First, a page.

U Biologists Snare Almost $3.1 Million in NSF Biodiversity Grants

Biology professors Denise Dearing and Dale Clayton have snared a pair of five-year research grants worth $3.1 million out of 13 grants worth $25 million awarded nationwide under the fourth year of the a National Science Foundation program aimed at studying Earth’s biodiversity, which is threatened by climate change and habitat loss.

Dearing was awarded $1.7 million to study the diversity of microbes that live in the guts of plant-eating rodents such as woodrats, and how those microbes help break down toxic chemicals in plants eaten by the rodents. The research may reveal new probiotics useful for human digestion, and also advance animal husbandry. Dearing will conduct the research with Robert Weiss, a professor of human genetics, and Colin Dale, an associate professor of biology.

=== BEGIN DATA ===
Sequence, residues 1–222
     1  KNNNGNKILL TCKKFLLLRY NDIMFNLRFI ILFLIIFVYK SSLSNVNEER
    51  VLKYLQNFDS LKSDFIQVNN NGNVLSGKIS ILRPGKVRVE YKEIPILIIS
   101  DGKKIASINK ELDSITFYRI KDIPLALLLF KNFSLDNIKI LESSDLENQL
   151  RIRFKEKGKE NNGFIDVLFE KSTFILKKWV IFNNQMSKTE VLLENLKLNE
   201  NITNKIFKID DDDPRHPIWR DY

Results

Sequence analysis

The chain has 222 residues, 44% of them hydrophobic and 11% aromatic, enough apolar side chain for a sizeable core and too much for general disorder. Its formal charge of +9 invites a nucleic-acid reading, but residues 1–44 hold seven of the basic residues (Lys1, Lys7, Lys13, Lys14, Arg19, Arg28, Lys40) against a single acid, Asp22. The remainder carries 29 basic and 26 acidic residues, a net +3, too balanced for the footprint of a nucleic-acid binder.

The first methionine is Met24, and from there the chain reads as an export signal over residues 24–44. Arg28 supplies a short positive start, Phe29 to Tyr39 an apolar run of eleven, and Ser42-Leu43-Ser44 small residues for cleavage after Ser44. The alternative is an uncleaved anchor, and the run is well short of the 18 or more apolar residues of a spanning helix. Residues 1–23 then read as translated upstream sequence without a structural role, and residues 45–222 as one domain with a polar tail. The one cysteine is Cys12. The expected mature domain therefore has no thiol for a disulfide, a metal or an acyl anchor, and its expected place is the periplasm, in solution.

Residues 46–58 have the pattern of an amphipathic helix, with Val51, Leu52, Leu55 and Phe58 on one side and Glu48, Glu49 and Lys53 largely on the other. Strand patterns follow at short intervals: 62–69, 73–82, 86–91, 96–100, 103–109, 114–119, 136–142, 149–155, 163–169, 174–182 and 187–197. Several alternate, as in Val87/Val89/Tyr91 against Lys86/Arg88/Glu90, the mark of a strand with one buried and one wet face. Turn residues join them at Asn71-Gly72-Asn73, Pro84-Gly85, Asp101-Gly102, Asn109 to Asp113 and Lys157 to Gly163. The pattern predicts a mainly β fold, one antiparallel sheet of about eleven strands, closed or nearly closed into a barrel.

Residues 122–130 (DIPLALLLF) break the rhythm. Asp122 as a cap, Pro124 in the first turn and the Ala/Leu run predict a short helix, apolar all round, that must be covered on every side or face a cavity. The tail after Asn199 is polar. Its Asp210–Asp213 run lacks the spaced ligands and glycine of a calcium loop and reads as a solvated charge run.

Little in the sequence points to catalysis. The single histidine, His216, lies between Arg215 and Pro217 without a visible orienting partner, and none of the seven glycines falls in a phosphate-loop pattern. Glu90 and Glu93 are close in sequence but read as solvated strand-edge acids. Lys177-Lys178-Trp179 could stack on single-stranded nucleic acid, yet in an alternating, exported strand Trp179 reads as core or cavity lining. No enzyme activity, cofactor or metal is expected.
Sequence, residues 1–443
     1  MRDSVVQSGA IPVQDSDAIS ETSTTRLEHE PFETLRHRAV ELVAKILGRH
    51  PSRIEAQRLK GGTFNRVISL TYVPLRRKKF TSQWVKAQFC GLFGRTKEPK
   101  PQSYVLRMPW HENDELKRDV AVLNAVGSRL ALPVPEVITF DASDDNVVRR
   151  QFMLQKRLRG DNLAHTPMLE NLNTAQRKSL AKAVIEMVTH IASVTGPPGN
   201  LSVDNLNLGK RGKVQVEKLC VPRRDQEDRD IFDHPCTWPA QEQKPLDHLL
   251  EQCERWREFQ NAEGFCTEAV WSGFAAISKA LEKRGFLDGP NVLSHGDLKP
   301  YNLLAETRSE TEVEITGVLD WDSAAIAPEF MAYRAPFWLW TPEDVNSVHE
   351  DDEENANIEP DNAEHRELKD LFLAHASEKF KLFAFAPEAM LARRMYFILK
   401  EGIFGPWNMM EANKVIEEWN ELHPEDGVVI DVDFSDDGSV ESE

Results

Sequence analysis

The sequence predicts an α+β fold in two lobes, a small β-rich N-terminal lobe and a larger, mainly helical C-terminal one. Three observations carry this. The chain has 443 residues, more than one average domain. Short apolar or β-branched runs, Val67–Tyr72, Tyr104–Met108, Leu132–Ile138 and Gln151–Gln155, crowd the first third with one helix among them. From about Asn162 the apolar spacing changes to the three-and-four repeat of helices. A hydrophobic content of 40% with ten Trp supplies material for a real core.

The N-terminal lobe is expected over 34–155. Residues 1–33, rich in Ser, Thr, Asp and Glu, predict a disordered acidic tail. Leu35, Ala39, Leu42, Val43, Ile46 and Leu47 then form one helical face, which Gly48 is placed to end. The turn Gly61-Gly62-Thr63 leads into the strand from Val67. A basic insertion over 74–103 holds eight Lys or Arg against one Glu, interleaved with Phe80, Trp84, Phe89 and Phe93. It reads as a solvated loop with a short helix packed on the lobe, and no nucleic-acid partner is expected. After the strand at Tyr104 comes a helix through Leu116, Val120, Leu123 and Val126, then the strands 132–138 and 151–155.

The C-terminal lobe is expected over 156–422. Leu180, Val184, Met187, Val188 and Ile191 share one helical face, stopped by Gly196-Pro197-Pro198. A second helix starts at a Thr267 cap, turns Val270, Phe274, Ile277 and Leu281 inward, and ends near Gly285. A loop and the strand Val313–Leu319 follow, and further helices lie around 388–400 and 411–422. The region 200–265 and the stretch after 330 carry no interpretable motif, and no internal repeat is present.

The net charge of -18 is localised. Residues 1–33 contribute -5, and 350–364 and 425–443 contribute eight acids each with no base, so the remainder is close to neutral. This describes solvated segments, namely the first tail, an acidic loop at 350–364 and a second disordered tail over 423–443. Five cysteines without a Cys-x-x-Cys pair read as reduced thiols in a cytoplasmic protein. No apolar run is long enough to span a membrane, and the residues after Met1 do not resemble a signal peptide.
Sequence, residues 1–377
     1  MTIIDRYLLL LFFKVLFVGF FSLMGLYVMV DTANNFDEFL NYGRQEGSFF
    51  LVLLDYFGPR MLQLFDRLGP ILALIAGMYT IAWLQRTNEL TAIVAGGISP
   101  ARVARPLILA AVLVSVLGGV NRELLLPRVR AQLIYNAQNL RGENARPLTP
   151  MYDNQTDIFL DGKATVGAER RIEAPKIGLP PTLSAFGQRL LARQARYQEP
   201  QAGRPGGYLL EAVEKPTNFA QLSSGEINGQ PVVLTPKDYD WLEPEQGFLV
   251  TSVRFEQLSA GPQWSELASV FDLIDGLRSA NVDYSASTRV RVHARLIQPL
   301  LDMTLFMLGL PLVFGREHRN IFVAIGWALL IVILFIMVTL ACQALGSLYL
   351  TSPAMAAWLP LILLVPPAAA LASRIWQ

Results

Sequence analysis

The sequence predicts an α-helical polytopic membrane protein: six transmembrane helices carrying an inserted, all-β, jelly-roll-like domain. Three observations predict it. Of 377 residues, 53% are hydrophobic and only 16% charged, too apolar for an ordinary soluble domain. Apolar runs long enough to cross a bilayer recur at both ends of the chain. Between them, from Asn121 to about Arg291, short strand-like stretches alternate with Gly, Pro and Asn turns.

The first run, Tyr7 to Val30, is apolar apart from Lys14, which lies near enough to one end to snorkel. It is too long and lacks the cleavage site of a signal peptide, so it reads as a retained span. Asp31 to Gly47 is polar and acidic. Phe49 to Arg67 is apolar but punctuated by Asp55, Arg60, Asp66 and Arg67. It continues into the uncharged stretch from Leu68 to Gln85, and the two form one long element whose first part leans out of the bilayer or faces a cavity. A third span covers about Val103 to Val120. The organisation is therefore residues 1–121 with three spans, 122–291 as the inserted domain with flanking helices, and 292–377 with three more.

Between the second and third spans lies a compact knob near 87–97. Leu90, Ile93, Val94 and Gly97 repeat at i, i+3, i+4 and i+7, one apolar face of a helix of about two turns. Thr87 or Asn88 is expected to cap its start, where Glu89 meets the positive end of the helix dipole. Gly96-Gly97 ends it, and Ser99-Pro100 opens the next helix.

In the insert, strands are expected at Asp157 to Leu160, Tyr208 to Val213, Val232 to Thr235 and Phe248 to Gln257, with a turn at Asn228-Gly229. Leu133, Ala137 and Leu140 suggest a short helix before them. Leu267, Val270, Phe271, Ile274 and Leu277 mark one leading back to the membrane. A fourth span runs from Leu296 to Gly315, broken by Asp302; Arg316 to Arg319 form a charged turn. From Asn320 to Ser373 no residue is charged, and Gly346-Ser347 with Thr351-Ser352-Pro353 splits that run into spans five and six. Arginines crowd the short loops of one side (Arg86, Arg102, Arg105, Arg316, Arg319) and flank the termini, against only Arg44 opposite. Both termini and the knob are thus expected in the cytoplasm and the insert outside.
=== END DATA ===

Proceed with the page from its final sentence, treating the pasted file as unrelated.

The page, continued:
Clayton was granted $1.37 million to study how bird lice evolve as they switch from one species of bird to another bird host – work that may have implications for learning more about parasites that affect human and animal health. Clayton will work with two other U biologists: Sarah Bush, an assistant professor, and Michael Shapiro, an associate professor.